It is now the end of Daylight Savings Time and schools need to set all of their clocks to “fall back.” While most of us are trying to get accustomed to the time change, a complex routine is playing out in many schools across the country.
IT administrators must go through the painstaking task of resetting the school’s bell schedule. School districts typically have a wide range of clocks, some of which are set by opening the cabinet and entering numbers on a keypad, others which require knowledge of complex codes. Newer clocks were programmed to automatically update for daylight savings time — that is until Congress extended it in 2007.
The clocks and bell schedule isn’t the only antiquated technology schools must contend with. In many schools the paging system is at least 30 years old — sometimes even older. The “brains” of these systems is a head-end unit the size of a refrigerator that’s housed in the main office. A microphone is used to make an announcement, which is amplified by the head-end and sent out to hardwired speakers throughout the school.
These giant head-end units are a wiring nightmare and weren’t designed for today’s needs. These systems also typically have one zone, meaning that messages go out over every speaker. Administrators may get annoyed with having to listen to morning announcements, and neighbors complain about hearing announcements from the outside speakers. At the same time, issues with wiring and bad speakers often create no-coverage areas throughout the building.
These systems would be obsolete if it weren’t for the need to make emergency announcements. However, it seems almost futile and depending on the situation dangerous, to run to the main office to make an announcement that most likely won’t reach everyone.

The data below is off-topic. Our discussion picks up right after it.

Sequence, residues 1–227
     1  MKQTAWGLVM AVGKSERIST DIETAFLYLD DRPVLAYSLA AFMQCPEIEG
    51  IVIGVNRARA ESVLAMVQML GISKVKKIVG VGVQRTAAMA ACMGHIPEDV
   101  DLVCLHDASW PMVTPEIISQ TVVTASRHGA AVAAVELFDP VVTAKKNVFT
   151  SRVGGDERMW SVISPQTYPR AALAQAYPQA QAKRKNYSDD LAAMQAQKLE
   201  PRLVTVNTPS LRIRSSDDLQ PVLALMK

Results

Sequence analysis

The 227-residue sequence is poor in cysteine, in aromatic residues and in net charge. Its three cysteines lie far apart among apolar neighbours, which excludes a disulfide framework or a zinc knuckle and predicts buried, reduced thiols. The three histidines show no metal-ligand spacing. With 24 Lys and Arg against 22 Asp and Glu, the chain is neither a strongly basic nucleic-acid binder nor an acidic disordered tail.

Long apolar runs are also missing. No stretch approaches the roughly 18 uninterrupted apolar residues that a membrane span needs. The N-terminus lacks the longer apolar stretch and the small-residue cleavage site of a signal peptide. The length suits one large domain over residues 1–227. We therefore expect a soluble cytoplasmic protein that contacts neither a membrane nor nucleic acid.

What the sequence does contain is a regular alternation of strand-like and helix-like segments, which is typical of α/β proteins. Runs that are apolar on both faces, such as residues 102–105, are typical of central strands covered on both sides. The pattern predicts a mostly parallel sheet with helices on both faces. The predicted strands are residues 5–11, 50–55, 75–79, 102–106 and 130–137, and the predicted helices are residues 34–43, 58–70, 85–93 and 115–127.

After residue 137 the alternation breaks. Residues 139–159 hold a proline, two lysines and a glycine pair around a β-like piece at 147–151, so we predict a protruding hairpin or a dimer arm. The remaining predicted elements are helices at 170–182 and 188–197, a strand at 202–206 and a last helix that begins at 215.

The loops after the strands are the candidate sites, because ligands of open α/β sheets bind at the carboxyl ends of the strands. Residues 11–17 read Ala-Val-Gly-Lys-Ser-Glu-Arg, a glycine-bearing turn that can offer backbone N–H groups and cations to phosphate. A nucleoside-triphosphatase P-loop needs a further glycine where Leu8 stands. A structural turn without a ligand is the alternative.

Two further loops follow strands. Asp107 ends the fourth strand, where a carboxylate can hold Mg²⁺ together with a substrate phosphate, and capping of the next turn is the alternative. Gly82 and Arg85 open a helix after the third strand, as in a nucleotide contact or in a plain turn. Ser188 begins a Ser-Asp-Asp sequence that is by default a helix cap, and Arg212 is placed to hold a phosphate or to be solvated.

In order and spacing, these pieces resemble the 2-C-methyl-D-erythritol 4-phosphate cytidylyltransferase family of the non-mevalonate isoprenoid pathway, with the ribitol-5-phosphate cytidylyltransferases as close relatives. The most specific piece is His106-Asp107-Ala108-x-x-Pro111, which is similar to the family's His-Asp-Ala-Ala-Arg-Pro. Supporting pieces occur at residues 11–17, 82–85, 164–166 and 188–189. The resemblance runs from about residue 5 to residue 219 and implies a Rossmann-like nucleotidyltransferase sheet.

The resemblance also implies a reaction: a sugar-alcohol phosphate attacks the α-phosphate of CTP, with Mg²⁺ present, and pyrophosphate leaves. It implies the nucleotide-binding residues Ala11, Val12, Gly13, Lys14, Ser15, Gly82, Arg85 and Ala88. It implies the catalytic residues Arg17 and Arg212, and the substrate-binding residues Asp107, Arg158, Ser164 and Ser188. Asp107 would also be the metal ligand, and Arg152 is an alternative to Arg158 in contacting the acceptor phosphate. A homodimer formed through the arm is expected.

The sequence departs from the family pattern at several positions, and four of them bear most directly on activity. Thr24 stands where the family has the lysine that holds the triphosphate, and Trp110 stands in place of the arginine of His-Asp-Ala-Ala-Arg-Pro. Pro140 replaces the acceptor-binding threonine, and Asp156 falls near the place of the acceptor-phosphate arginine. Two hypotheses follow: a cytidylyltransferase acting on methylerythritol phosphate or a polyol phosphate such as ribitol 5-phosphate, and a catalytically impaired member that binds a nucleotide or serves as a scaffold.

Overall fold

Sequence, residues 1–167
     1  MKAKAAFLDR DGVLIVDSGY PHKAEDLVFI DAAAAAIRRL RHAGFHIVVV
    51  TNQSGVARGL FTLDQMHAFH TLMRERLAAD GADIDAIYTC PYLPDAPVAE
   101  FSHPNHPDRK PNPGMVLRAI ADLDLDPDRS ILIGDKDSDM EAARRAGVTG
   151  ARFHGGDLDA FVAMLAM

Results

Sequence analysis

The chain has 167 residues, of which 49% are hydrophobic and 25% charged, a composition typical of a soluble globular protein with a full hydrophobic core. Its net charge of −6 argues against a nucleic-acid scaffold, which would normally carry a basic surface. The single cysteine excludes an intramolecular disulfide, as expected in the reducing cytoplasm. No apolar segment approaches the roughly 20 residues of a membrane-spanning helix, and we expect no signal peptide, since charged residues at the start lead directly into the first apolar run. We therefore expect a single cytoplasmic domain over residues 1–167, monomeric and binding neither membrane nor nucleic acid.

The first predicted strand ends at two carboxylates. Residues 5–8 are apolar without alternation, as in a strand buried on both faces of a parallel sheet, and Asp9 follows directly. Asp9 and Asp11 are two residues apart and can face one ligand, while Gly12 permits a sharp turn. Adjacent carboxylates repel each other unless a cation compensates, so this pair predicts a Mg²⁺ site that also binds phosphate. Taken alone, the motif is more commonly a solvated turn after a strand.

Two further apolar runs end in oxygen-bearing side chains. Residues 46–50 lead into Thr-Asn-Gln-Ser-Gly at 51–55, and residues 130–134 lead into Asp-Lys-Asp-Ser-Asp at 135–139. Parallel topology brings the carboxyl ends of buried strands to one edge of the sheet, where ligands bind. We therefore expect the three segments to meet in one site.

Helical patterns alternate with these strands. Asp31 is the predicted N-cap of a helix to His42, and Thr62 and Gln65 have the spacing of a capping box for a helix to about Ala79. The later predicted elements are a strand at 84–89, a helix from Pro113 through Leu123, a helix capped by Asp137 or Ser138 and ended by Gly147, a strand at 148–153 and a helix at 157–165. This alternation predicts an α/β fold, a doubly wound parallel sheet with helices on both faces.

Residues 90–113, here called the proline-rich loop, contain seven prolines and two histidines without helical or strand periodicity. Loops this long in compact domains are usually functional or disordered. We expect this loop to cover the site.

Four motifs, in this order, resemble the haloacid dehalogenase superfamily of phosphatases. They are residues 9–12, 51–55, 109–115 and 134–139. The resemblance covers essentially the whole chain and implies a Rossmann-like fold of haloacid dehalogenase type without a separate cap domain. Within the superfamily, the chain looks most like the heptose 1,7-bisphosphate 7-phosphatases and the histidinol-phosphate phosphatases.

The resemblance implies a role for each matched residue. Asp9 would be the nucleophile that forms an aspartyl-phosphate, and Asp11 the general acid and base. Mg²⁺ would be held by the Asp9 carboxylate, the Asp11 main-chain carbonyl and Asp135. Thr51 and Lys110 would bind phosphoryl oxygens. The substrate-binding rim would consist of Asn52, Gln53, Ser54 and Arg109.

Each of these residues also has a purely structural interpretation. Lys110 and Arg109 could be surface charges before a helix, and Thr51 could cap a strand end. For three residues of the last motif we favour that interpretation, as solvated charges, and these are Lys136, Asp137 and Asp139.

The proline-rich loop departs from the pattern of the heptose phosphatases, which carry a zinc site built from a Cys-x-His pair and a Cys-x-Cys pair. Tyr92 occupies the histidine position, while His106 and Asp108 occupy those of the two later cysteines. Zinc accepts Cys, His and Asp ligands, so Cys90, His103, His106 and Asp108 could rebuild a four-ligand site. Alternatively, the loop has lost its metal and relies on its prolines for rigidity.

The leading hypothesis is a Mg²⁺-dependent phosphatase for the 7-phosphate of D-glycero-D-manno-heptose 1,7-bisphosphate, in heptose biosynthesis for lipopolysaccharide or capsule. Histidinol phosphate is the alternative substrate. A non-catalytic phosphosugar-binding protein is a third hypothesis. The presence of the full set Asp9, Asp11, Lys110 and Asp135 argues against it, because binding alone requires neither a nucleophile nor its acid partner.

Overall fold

To better meet their school safety and emergency notification objectives, schools should upgrade to a modern head-end unit with a zone controller that enables messages to be directed to appropriate areas of the building. For example, morning announcements can be directed only to classrooms while emergency announcements go to all speakers.
A modern head-end unit can also be tied to an IP phone system, allowing school officials to make announcements from any phone in the building. This is extremely beneficial in an emergency. With Eastern DataComm’s LENS solution, if the principal sees a dangerous situation, she can go to a nearby phone, dial in a code, and make an announcement and notify students and staff of an emergency without having to run back to the main office. In addition, modern head-end units typically have an override port to ensure that an emergency announcement gets control of the speakers.
In order to maximize your investment in communication and school safety technology, existing wiring and speakers that are still functioning may be able to be reused and augmented with additional speakers to cover hallways and other areas with no coverage. Most school paging systems installed decades ago were intended for morning announcements, so additional speakers are generally needed to ensure that emergency announcements can be heard throughout the school no matter where you are on school grounds.
It’s imperative that you work with a team that understands schools and knows where there may be areas throughout school grounds that are not covered by your existing speakers.
Schools should also consider implementing a modern bell schedule with an easy-to-use, browser-based interface. This eliminates complex configuration during the beginning and end of Daylight Savings Time or when schools have delayed openings, and ensures the time is always accurate. It also allows the bell schedule to be tied into the paging system so that a bell or other tone can be played over the speakers rather than actual bells installed throughout the building.
At Eastern DataComm, we’ve worked with over 100 schools in NJ and NY Metro Area. We understand the technology challenges schools face and have developed practical, budget-friendly solutions to maximize investments. Let us help you upgrade your bell schedule, paging system and emergency notification system to relieve maintenance headaches and improve your school safety preparedness.